SAN DIEGO–The summer offshore trawl season is starting to affected full stride with bluefin tuna, yellowfin tuna, yellowtail, Dorado and bonito bite offshore. Anglers have a lot of types of fishing to choose from with calico bass, barracuda, bonito, yellowtail and rockfish nip at the Coronado Islands and with calico bass, rockfish, beach bass and occasional flurry of barracuda or yellowtail action to be found along the San Diego County coast.
The offshore fishing is grabbing most of the headlines with catches of 25 – to 200 -plus-pound bluefin tuna passing the behavior and with a mix of yellowfin tuna, yellowtail, dorado and a few bonito bite as well. The yellowfin tuna have been running from 15 to 60 pounds, the yellowtail have been in the 10 – to 20 -pound range and the dorado and bonito have been in the 5- to 12 -pound range.
Anglers wishing to target larger 80 – to 200 -plus-pound bluefin have been doing best while fishing localities up toward San Clemente Island such as the San Clemente Basin, the San Clemente Canyon, the 86 Fathom Spot, the 81 Fathom Spot, the 381 Spot, the 43 Fathom Spot and the San Clemente Basin Weather Buoy. The current best bite sphere for “the worlds largest” bluefin is the San Clemente Basin for barges fishing from 42 to 49 miles 252 to 257 degrees from Point Loma.
Anglers wanting to target more of a mixed bag of the 25 – to 80 -pound bluefin along with a mix of yellowfin, yellowtail, bonito and dorado have been doing well while fishing some of the offshore banks outside of the Coronado Islands such as the 371 Bank, the 230 Spot, the 224 Spot, the 302 Spot and the domain out to the west of North Island. Currently, the best zone for this mixed bag offshore net has you fishing between 20 and 30 miles 220 to 235 grades from Point Loma.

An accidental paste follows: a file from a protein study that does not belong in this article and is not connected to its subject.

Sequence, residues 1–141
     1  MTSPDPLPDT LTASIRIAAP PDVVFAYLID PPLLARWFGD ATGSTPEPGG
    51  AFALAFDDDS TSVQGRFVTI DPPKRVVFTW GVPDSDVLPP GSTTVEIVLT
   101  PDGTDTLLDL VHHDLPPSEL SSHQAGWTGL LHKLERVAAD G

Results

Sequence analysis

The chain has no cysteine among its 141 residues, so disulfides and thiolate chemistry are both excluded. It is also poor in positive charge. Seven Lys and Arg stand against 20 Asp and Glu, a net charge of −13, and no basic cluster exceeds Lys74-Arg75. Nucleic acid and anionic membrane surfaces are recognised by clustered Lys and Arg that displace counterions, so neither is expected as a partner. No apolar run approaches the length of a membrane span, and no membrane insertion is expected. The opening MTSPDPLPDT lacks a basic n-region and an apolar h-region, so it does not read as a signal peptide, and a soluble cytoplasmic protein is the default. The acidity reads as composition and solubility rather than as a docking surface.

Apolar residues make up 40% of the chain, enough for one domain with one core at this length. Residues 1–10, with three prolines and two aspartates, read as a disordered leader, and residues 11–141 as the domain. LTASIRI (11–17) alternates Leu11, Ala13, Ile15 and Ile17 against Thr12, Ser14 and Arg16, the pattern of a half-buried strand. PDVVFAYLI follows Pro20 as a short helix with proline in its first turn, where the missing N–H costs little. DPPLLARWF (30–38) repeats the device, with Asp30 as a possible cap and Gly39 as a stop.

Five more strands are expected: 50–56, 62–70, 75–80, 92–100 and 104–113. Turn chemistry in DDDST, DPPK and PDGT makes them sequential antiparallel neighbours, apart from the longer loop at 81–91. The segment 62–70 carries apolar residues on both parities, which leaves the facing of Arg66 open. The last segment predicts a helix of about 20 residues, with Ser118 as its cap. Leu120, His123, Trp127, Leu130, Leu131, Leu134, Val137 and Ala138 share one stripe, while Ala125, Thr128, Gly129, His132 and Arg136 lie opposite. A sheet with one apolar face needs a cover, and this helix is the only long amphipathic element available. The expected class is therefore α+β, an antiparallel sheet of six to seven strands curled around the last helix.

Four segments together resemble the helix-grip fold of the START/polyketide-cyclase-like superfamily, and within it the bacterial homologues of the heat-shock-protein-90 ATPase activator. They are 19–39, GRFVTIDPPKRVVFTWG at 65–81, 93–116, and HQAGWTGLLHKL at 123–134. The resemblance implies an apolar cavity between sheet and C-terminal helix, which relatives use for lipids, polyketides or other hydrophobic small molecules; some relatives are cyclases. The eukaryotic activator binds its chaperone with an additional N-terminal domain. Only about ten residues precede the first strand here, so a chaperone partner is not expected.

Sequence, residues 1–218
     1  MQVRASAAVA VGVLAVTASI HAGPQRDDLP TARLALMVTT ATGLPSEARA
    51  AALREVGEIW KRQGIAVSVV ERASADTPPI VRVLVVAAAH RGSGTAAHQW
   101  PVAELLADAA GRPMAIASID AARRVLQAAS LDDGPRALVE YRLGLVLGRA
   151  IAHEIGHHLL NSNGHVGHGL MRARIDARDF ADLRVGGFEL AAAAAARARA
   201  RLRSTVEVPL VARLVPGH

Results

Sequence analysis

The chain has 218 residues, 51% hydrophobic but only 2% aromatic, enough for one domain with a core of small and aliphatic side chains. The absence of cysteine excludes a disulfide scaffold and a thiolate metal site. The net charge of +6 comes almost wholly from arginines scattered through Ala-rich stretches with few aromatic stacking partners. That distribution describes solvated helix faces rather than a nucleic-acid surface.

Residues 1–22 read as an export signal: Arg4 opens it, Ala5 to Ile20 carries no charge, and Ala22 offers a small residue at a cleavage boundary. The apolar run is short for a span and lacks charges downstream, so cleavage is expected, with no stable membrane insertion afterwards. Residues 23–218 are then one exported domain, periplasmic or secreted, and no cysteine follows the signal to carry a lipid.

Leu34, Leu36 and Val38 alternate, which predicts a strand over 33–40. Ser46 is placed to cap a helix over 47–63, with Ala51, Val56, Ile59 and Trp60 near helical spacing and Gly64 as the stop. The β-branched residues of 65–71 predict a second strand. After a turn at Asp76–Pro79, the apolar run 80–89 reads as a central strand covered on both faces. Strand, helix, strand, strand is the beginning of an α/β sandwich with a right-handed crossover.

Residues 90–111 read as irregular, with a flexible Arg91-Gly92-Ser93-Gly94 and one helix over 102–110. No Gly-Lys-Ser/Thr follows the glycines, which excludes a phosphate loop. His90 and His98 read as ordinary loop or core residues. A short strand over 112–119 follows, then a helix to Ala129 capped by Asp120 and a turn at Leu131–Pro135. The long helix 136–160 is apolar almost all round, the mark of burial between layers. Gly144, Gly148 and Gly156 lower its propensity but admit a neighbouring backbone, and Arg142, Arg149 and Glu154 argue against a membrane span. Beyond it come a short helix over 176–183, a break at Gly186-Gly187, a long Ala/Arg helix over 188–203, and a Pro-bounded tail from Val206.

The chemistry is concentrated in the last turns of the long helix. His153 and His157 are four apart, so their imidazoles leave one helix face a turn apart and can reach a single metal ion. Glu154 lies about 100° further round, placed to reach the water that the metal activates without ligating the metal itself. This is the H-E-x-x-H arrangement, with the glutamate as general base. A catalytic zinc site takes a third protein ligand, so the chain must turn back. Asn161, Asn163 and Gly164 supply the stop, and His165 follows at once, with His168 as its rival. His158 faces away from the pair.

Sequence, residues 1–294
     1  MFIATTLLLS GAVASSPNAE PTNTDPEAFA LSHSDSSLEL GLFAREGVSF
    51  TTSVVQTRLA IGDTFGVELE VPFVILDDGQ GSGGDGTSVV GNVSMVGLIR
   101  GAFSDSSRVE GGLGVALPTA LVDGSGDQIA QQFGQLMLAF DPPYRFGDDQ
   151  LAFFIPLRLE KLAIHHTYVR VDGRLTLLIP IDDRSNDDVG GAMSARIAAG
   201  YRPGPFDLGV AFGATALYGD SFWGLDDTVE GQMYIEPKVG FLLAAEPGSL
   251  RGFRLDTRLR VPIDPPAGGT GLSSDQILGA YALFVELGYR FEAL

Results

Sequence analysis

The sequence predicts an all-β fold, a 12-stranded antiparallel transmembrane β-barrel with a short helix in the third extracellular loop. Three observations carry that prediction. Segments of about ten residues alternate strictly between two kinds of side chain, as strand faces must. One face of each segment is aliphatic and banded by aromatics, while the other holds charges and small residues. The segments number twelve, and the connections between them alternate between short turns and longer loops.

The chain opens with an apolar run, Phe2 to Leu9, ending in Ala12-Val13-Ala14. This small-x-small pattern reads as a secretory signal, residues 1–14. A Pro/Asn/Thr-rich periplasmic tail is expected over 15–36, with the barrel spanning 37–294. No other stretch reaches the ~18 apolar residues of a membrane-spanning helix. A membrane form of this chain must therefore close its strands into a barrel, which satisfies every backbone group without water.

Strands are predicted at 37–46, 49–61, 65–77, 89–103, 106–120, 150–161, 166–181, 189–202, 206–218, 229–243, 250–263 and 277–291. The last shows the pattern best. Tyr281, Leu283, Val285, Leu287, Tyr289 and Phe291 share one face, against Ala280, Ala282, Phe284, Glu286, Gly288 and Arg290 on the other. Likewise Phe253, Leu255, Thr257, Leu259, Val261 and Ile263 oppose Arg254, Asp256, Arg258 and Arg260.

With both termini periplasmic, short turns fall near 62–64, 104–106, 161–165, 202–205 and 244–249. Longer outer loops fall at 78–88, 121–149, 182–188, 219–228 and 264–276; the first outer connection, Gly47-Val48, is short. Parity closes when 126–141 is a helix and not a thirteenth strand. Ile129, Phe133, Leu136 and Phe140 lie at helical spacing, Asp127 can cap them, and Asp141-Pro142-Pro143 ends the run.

More northern offshore sprays in addition to the irrigates around San Clemente Island are starting to see improved offshore action. In recent days there was a report of good kelp paddie fishing for 12 – to 20 -pound yellowtail and 5- to 8-pound dorado in an area ranging from north of the 182 Spot to the area of the 178 Spot which is located above the upper demise of the 9 Mile Bank. There was also a recent report of a Skipper fishing around the upper end of the 9 Mile Bank that grab an 80 -pound bluefin and a 40 -pound yellowfin. Another recent report was from a skipper who had caught an 85 -pound bluefin while fishing up toward Catalina in the area to the west of the 181 Spot.